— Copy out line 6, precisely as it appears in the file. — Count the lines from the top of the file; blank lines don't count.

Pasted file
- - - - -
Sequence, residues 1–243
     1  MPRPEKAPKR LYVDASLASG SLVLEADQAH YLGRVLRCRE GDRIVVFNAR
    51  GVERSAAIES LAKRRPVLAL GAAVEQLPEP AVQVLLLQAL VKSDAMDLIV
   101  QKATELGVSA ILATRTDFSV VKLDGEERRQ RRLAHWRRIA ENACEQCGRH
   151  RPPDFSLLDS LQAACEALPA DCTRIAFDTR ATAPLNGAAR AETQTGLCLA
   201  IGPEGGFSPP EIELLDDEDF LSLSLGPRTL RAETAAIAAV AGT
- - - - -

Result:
   201  IGPEGGFSPP EIELLDDEDF LSLSLGPRTL RAETAAIAAV AGT